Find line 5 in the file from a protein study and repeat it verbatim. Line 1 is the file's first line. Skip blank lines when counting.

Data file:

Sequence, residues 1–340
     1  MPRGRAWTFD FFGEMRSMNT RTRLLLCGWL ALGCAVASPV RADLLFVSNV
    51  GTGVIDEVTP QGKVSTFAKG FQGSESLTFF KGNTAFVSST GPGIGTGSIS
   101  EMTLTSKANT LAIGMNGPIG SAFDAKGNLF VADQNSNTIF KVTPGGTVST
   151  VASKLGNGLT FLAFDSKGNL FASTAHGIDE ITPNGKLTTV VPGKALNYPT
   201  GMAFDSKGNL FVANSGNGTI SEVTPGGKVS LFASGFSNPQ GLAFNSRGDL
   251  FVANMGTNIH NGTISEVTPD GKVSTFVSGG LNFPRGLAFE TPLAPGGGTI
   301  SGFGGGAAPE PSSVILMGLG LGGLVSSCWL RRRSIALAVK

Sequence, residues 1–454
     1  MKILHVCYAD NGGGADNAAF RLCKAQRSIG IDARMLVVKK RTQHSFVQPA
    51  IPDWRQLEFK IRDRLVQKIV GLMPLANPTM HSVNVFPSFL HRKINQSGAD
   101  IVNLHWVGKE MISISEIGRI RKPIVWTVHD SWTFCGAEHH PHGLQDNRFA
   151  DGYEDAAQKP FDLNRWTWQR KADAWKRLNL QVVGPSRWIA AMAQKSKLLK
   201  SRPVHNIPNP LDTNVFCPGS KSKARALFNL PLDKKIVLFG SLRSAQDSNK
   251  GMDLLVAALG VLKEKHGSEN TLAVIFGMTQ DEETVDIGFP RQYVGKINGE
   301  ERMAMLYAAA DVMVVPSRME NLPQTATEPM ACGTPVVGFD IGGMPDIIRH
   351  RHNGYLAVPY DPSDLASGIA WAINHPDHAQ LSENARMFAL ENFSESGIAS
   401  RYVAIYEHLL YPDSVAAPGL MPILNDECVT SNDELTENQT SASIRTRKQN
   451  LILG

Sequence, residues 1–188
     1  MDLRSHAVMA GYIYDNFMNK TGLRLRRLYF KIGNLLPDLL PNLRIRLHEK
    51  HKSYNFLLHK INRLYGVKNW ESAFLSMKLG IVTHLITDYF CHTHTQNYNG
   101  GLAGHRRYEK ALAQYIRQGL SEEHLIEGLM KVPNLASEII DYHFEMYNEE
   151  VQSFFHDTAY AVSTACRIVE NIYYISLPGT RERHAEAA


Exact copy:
   151  VASKLGNGLT FLAFDSKGNL FASTAHGIDE ITPNGKLTTV VPGKALNYPT